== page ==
"A light heart carries you through all the hard times."

The Fortune Cookie Guru needs a reality check. This reads like an oxymoron to me. Light heart/hard times? I would love to think that I could do this, but if my heart was light, the times couldn't possibly be that hard, could they? And if the times ARE that hard, how do I make my heart light? Denial might work, but it isn't useful.

Perhaps it's more about letting go of the attempt to control your life and trust that your higher power will get you through. (I make no stipulation as to what form your higher power might take, just that you trust it.) This is something that I've found amazingly comforting and empowering.

Additionally, metaphysics and religion aside, when facing "hard times, " I recognize that while there are things I cannot change, I CAN change  how I react to them. Okay, I admit I might spend a little time being angry, terrified, or overwhelmed, but then I try to  edge back from that ledge and take a long view.

I've been a very fortunate person in my life in that I've always managed to work my way through my "hard times" so far, knock wood. Perhaps that is the nugget of gold in this:

Recognizing that you've survived hard times before can give you the strength to survive them now.

If you're having hard times right now, I send you love and light AND the certainty that you will get through it.

Thursday, August 16, 2012

He Said, She Gasped, They Shrugged

Lately, I've been struggling with something in my work as well as in things I'm reading both for pleasure and critique. It's the eternal battle over dialogue tags. (For those who may not use that term, I'm speaking of the words you see preceding or following a character's statement, most commonly "said.")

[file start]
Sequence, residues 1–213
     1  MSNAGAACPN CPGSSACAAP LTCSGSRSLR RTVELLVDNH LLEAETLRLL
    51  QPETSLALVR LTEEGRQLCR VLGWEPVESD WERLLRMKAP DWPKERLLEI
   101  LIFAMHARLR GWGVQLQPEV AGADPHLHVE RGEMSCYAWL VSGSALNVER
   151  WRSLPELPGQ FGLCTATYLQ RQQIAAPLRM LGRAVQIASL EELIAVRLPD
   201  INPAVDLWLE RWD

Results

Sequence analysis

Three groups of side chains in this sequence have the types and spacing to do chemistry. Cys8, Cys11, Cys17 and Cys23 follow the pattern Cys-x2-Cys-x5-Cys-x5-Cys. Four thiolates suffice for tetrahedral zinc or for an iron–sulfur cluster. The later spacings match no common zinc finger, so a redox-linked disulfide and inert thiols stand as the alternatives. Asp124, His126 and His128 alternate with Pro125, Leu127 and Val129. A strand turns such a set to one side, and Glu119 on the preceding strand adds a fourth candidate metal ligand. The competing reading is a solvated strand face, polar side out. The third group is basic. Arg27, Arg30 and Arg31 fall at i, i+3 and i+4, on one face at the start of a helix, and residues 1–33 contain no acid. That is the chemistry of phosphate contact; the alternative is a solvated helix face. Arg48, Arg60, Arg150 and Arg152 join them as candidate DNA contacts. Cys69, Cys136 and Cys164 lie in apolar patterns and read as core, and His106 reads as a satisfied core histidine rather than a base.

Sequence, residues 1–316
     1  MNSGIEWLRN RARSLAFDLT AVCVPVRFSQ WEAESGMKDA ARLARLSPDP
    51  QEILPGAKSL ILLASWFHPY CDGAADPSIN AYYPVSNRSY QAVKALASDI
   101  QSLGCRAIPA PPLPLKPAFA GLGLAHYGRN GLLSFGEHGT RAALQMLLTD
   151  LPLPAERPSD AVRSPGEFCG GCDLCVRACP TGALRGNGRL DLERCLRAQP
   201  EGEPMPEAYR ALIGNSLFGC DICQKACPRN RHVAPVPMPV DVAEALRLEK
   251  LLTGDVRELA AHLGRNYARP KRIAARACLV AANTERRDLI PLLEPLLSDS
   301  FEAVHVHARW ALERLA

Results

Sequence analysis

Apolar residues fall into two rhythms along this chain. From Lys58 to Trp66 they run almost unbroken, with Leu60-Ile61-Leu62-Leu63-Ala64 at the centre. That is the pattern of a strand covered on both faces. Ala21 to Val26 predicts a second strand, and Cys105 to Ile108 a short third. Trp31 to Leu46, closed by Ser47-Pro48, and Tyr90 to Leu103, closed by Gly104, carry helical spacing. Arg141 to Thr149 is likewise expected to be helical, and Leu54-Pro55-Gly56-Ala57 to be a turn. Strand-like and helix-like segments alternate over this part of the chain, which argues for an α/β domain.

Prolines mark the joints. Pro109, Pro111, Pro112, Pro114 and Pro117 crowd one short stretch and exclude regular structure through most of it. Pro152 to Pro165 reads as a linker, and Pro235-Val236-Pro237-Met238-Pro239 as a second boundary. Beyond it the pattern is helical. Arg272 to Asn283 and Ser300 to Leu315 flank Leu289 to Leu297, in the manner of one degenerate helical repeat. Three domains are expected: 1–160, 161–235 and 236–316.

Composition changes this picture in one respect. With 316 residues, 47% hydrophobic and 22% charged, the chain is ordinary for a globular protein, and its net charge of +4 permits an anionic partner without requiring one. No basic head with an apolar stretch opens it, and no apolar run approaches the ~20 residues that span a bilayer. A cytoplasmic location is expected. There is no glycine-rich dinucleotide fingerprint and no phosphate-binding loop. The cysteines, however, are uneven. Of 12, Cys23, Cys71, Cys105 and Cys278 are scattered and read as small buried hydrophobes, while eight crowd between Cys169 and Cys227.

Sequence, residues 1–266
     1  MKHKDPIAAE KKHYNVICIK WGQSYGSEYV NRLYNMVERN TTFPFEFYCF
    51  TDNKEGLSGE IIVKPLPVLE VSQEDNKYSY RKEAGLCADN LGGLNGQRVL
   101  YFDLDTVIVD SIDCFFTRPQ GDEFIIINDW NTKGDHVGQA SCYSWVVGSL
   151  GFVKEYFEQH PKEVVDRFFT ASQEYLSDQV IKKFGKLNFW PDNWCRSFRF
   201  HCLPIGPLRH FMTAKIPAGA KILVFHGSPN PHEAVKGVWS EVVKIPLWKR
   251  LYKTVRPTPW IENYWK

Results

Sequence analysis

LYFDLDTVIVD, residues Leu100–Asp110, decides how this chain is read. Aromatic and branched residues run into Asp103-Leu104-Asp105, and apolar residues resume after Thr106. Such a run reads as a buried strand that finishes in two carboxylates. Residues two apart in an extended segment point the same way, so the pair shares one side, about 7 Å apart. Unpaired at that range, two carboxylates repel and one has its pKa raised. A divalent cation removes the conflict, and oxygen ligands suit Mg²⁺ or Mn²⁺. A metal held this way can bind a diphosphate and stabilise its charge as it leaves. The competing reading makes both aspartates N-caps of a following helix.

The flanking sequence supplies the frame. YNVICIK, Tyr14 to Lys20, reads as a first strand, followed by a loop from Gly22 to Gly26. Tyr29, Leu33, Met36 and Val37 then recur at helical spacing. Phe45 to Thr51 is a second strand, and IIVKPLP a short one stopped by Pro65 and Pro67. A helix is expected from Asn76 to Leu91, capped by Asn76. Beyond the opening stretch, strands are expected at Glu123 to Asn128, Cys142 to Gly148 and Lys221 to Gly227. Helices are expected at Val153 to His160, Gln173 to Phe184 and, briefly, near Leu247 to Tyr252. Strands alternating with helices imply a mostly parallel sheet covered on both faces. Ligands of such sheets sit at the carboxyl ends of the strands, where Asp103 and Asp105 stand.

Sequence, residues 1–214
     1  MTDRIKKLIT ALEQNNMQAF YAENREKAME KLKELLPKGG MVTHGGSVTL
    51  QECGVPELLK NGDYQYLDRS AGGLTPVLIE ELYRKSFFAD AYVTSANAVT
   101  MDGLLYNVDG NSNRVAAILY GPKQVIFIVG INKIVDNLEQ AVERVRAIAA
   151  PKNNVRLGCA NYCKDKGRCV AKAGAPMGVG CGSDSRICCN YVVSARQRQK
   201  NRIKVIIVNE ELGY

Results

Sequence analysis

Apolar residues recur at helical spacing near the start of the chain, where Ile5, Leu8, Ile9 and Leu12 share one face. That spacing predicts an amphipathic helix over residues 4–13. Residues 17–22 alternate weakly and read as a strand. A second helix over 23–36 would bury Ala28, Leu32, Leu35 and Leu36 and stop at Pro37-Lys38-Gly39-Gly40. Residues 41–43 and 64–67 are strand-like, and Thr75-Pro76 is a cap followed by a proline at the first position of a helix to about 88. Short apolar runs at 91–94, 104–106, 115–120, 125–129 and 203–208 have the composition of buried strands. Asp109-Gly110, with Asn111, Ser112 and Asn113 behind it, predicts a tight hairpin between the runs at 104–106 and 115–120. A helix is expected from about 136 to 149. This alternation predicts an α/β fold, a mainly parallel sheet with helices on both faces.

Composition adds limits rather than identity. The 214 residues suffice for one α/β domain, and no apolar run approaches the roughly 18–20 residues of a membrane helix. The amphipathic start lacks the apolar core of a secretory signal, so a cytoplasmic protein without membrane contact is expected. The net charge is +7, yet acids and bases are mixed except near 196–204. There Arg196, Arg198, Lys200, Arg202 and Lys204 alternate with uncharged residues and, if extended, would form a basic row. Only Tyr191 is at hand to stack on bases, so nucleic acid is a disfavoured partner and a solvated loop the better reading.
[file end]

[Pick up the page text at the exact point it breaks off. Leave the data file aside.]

Dialogue tags are like spices in a recipe. Too little results in blandness, too much will ruin the dish, and just enough  make that dish lively and delicious.

The standard "said" is a perfectly useful and reader-friendly dialogue tag - as more than one mentor has said, the reader's eye glide right over it. This is not a bad thing, but if all you use is "said" the reader will begin to notice and may become irritated.

Do not swing to the other end of the spectrum and try to jazz up your said's with things like said angrily, said sadly, said softly. Better choices would be shouted, sighed, murmured. These dialogue tags portray your characters and their dialogue actively.

More so than active tages, my personal preference is to use physical beats, gestures as often as applicable. Why? Because that's how we talk.

Think about it.

When we talk to someone we gesture, our face changes expression, we move around. Communication is as much body language as it is words. Sometimes it is more about the body language than the words.

Though it's often said in jest, it's true that some folks couldn't talk if their hands were tied down - gestures play a huge part in communication. Other folks are more physically restrained, but facially expressive - a raised eyebrow can convey a thousands words. And there is inflection - rise and fall of vocal tone as well as cadence (but that's a different blog).

The interesting thing is that these notations of physical movement or expressions can take the place of the dialogue tag. And they serve the dual purpose of helping to round out your characters, make them more 3-dimensional as they move through their space.

Mary shrugged. "I don't care." VS "I don't care," Mary said.
Barry scowled. "Don't you dare walk out that door." VS Barry said, "Don't you dare walk out that door."

Don't be afraid to have your excitable character jab their finger, jump up and down, or pace the room. Feel free to let your more physically reserved character glower, laugh, or stare.

Another way of looking at it is to consider the difference between a static comic and an animiated comic. Both will entertain, both will convey the message, but which one is more engaging?

Most folks would prefer the "moving picture," so make sure your writing gives them the same thing.

Monday, August 13, 2012


"You will be successful in everything."

SNARKY RESPONSE: Okay, first, Fortune Cookie Guru, you no longer "foretell" anything, instead offering only platitudes, and now you're pandering. Someone, pass me another cookie, at least I can get my sugar fix.

"You will be successful in everything."

No one believes that one, but I truly believe that you can be successful in anything you pursue with dedication and determination. Granted a measure of "realistic expectation" must be dumped into the mix, but you can't get there from here without hard work. This applies to all facets of your life, but here I'm talking about writing.